In fracking fight, protests may be having an impact

It was a familiar sight early Wednesday afternoon outside the Senate chamber.

In front of the bright lights of television cameras and a handful of microphones and recorders, a coalition of groups and lawmakers opposed to hydraulic fracturing for natural gas stood next to six boxes packed with petitions supporting a statewide ban on the technique. The petitions had more than 200,000 signatures, according to the groups.

At the same time, members of a gas industry trade group were fanned across the Capitol and Legislative Office Building, selling the job-creation and energy-independence benefits associated with gas drilling to lawmakers and members of Gov. Andrew Cuomo's staff.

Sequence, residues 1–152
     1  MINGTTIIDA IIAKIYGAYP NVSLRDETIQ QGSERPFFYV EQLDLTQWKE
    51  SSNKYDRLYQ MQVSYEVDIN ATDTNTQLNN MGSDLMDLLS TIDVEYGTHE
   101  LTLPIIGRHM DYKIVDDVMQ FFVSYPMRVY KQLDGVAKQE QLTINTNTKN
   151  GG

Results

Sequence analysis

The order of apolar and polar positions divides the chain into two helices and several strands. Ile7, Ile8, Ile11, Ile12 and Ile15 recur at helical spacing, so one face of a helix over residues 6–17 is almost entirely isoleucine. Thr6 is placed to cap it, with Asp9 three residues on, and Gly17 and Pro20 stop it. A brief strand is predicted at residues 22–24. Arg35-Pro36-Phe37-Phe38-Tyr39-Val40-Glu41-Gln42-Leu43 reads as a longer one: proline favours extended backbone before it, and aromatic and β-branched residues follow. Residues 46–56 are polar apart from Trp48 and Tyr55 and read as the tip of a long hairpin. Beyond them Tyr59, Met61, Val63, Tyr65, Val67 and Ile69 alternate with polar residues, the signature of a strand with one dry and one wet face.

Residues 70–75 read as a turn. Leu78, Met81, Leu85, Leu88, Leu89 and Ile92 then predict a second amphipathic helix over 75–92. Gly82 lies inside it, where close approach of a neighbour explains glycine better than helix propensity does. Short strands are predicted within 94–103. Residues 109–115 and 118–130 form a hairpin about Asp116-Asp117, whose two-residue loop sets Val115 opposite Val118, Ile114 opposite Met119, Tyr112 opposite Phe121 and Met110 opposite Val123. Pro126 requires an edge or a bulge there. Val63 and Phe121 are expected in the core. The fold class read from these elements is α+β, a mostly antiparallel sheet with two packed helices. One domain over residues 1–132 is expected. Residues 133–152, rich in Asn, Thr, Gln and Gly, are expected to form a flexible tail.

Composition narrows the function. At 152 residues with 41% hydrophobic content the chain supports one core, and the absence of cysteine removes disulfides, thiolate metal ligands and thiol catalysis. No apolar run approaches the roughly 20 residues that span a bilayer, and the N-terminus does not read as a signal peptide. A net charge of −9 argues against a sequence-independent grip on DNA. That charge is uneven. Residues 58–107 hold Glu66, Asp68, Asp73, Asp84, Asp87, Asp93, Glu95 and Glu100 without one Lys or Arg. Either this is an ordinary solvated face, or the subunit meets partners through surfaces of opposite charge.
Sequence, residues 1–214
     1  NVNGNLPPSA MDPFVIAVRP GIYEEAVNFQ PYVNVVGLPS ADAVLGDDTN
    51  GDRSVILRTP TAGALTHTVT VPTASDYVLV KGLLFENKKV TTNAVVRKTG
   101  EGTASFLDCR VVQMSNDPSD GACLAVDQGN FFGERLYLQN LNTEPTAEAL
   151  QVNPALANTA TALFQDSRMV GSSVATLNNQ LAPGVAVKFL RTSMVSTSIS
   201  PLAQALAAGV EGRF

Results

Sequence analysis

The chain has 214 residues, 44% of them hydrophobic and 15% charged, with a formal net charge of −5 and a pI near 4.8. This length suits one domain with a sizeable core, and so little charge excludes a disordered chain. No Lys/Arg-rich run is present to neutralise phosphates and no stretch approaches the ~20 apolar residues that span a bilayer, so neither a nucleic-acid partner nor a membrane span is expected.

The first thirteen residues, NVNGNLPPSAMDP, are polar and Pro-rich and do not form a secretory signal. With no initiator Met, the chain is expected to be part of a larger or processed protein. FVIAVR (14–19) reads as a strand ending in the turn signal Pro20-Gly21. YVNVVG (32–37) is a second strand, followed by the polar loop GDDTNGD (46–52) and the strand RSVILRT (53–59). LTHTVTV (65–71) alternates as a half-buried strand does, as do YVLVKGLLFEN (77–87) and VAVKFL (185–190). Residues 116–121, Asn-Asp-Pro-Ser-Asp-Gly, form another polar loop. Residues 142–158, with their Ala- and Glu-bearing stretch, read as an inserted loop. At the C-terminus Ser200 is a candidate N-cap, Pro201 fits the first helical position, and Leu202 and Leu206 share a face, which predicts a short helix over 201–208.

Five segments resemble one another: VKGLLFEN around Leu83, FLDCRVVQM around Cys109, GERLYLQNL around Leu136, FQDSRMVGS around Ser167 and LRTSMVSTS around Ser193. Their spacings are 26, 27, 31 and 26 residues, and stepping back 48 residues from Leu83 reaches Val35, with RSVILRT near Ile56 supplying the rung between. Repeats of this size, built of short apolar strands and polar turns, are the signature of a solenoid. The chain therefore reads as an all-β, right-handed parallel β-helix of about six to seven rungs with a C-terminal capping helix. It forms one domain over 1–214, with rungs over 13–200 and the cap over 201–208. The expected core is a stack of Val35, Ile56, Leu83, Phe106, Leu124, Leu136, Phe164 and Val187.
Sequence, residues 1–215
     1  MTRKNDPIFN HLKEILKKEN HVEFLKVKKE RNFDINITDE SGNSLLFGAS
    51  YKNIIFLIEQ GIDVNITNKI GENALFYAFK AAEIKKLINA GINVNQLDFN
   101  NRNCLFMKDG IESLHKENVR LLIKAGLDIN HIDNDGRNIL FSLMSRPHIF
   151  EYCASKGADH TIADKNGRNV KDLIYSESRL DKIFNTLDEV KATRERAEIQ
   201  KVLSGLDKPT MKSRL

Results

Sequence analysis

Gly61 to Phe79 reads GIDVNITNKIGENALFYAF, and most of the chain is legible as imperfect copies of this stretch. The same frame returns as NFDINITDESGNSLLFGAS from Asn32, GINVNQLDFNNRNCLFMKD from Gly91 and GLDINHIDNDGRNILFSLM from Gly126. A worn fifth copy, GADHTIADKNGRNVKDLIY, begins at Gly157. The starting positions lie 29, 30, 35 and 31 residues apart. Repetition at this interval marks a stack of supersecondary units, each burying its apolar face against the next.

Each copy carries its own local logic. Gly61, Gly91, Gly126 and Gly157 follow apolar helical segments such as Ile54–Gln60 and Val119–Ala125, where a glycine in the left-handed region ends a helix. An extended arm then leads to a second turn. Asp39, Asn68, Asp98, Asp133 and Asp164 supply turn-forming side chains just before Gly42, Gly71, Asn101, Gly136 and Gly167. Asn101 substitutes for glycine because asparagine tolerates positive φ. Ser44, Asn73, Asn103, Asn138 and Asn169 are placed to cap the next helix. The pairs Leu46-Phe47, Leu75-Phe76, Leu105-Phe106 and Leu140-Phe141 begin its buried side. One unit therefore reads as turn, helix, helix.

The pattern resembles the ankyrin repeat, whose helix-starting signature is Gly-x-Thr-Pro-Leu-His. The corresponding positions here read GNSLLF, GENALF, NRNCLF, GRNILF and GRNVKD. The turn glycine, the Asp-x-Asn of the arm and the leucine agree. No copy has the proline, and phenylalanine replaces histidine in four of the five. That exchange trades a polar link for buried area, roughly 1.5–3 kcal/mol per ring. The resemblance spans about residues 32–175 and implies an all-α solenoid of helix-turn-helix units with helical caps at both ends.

But in a battle that has stretched on for nearly four years at the Capitol, have the public protests and behind-the-scenes wrangling had any impact on the debate? Both sides said Wednesday that they have, but differed in how so.

"This process has slowed down to a crawl, though it's still moving ahead," said Sen. Tony Avella, D-Queens, who sponsors a bill to permanently ban hydrofracking. "I absolutely think we're winning this battle. I think (Cuomo's) getting the message."

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